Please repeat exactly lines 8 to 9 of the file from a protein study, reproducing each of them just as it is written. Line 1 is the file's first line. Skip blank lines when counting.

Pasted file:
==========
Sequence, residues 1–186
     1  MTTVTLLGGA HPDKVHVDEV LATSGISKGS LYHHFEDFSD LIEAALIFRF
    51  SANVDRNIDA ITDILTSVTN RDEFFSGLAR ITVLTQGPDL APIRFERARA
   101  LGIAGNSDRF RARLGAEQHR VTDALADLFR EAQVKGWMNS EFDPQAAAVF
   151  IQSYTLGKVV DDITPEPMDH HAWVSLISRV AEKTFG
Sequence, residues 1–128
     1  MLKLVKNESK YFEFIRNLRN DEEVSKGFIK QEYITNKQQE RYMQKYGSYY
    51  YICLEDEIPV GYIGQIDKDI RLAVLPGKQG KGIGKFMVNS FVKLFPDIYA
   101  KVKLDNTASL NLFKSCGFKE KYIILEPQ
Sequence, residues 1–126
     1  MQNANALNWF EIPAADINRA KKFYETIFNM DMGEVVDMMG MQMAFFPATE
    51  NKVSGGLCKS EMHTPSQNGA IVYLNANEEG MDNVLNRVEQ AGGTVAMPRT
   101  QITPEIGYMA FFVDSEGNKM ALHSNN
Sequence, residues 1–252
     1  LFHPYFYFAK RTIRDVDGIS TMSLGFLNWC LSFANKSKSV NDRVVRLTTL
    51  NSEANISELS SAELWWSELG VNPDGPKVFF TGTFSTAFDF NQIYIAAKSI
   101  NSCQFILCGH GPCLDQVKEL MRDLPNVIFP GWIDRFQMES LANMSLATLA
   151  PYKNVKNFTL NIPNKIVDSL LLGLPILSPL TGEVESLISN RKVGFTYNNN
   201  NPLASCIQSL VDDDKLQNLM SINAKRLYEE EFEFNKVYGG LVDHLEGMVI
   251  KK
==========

    51  YICLEDEIPV GYIGQIDKDI RLAVLPGKQG KGIGKFMVNS FVKLFPDIYA
   101  KVKLDNTASL NLFKSCGFKE KYIILEPQ